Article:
When a friend comes back from vacation, what are the questions you ask? Almost without exception, there are three: “What did you see? What did you do? What did you eat?” Have you ever thought of using these questions to improve your fiction? When you begin plotting your next novel or short story, try keeping these three questions in mind to make your reader a part of the journey.
“What did you see?”
Don’t describe a scene. Put the reader in the middle of it. Let them see it for themselves. Involve every sense. Let’s rewrite Snoopy’s classic opening, “It was a dark and stormy night.” Instead of that simple beginning, we might say, “The drumming of the rain overrode any attempt at conversation. Distant flashes of lightning cut through the stygian blackness, as though an angry wizard had set off celestial fireworks. The rumble of thunder was like a thousand kettle drums, a fit accompaniment to the depression that Heathcliff felt.” See the difference? Read the first description and you see darkness and rain. Read the second and you hear thunder, see lightning flashes, feel the emotions of the character.
Of course, if you do this for every paragraph, you’ll end up with a million-word novel, so the trick is in knowing where to spend precious words setting a scene. Do it in the opening scene and then expend a similar effort with key scenes so that they will enfold your reader. Put him or her in the center of the stage, rather than in the audience, giving a three-hundred-sixty degree view of what’s taking place.
“What did you do?”
Every good story begins by showing the motivation of the protagonist. In order to make the reader a participant, not just an observer, it’s necessary to do more than define what the main characters want. The author should make those goals so desirable, so worthy, that the reader will identify with the hero or heroine and be swept along with them as the story unfolds, cheering their successes and mourning their failures.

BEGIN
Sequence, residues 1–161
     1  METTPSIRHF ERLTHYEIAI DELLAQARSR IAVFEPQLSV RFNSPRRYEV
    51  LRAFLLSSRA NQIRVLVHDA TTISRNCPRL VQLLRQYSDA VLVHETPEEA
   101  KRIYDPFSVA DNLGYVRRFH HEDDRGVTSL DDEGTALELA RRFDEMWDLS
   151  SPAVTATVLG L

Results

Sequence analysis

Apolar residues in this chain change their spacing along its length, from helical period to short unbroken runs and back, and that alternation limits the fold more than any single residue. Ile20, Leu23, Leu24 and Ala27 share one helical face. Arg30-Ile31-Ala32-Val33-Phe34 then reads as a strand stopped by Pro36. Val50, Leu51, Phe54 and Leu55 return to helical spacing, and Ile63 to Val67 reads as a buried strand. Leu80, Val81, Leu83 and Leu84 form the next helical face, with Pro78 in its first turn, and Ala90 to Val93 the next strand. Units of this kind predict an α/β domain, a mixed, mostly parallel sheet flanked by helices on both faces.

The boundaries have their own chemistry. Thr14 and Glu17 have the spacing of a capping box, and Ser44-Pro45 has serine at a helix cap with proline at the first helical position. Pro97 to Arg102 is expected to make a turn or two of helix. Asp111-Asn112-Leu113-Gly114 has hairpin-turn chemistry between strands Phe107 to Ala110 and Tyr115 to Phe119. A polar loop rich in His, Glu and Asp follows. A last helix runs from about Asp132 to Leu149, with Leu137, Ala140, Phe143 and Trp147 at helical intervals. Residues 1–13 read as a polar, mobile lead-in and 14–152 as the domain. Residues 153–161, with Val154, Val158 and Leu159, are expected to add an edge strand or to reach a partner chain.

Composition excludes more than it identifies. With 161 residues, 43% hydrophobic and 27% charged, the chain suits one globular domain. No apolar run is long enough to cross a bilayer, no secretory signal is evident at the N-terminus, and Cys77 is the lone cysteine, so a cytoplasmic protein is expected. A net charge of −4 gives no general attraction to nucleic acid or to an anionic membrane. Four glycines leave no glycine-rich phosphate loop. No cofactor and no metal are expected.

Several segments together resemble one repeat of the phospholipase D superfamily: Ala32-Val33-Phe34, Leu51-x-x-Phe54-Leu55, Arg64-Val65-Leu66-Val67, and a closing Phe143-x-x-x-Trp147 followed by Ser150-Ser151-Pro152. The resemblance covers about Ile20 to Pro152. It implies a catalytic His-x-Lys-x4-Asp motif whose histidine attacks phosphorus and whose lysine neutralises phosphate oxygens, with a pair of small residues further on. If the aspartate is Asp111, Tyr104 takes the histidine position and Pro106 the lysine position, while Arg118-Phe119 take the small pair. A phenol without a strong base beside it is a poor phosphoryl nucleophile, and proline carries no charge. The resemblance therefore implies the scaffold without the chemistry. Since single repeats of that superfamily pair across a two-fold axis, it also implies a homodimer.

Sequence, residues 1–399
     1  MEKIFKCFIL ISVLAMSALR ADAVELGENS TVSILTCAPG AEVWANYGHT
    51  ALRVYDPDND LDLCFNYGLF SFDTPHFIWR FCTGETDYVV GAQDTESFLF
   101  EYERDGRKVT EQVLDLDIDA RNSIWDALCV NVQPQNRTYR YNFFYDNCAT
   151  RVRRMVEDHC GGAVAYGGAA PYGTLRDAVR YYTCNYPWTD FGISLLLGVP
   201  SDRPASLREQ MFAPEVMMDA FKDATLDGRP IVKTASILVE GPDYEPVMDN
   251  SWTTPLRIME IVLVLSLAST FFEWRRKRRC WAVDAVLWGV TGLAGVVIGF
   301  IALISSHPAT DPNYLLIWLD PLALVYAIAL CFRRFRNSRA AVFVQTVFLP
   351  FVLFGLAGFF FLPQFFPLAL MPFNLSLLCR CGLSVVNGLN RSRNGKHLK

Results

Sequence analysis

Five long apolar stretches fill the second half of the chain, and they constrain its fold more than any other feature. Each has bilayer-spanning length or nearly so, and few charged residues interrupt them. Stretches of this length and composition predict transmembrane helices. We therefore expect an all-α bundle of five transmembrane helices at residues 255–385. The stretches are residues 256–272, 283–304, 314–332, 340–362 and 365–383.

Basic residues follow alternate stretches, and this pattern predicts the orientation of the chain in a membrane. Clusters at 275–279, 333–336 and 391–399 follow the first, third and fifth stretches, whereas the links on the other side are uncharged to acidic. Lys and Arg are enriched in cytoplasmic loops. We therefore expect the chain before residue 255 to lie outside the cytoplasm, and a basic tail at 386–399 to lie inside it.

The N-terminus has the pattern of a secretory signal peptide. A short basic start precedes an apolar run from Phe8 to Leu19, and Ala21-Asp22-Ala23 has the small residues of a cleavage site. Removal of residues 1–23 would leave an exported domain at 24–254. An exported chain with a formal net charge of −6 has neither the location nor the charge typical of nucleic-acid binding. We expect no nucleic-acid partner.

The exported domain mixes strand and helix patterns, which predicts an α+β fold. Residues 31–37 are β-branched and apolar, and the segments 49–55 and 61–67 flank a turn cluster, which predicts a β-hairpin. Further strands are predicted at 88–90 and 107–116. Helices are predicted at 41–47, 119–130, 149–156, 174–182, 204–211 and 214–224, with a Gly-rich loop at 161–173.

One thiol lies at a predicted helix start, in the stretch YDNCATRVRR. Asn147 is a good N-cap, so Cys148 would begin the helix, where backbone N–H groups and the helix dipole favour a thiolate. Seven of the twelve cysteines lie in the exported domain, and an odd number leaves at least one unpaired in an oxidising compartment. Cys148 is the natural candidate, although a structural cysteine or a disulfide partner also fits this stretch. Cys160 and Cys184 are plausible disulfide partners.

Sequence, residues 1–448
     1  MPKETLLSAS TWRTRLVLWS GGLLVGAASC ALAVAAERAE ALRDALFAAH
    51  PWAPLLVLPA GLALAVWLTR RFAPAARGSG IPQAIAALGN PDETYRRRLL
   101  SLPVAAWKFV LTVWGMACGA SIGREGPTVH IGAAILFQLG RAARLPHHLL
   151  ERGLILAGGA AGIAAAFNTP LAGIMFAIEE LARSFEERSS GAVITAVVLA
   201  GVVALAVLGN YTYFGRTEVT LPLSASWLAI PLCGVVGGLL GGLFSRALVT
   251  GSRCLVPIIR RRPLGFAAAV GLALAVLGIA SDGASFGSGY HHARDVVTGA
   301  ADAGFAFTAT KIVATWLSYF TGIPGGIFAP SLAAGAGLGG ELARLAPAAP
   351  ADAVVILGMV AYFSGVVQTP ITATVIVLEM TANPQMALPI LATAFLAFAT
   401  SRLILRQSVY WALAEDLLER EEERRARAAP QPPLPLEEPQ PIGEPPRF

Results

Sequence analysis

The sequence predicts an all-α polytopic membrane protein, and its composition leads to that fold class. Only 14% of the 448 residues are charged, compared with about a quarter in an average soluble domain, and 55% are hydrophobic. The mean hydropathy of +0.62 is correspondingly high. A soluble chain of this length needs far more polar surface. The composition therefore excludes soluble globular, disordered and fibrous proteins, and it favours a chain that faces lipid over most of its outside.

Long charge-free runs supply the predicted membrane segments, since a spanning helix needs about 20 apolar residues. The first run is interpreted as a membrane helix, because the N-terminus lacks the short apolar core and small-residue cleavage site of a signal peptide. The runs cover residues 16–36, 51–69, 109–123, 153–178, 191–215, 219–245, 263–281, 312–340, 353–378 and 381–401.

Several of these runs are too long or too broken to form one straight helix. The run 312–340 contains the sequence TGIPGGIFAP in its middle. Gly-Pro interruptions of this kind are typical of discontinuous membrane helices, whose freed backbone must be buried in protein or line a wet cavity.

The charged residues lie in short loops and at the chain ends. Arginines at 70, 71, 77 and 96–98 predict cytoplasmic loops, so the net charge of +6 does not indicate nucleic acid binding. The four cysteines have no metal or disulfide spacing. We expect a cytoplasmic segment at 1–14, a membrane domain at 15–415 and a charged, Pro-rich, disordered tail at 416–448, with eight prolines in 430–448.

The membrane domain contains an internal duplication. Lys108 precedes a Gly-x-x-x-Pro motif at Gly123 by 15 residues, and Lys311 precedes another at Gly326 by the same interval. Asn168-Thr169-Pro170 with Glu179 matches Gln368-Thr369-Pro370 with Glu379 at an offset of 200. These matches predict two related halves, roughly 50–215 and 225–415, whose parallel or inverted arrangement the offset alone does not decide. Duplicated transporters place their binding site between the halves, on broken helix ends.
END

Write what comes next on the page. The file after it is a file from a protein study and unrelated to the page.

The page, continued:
Is the protagonist unjustly accused, battling to clear his good name from the slander generated by the antagonist. Make the reader bristle and boil at the accusations. Let him or her feel angry, become anxious to do something to make things right.
Does the heroine have a deadly disease? Is she searching for a miracle cure? When she meets the young doctor, make the reader pull for the research to be successful. Will she be cured? Let the reader rejoice. Does she succumb? Make the reader cry.
“What did you eat?”
You might easily misinterpret this admonition as advising you to include copious details about meals throughout the novel. Not so. But, as my wife has told me so often, a good meal involves all the senses. The background music in the restaurant, either soft and relaxing or loud and jarring, directly affects the dining experience. The sight of the food, the smells from the kitchen, the taste of that first bite—all these contribute to the total event.
In the same way, good fiction should trigger all the reader’s senses. After you have finished your first draft, go back through the manuscript and look for places where you can insert sensory descriptions: smell, touch, sight, sound, even tastes. Use this tool as another means of putting the reader in the midst of the scene. Make them feel the rain, hear the thunder, see the lightning.
Nourishing the reader
The “what did you eat?” question should also serve as a reminder that Christian writing ought to nourish the reader. Scriptures tell us, “Taste and see that the Lord is good…” (Psalm 34:8). Our writing should give the reader such a taste. Whether in the form of a novel, short story, poem, or a non-fiction work, our words should inspire the reader to examine and deepen his relationship with God. Don’t make them leave the table hungry.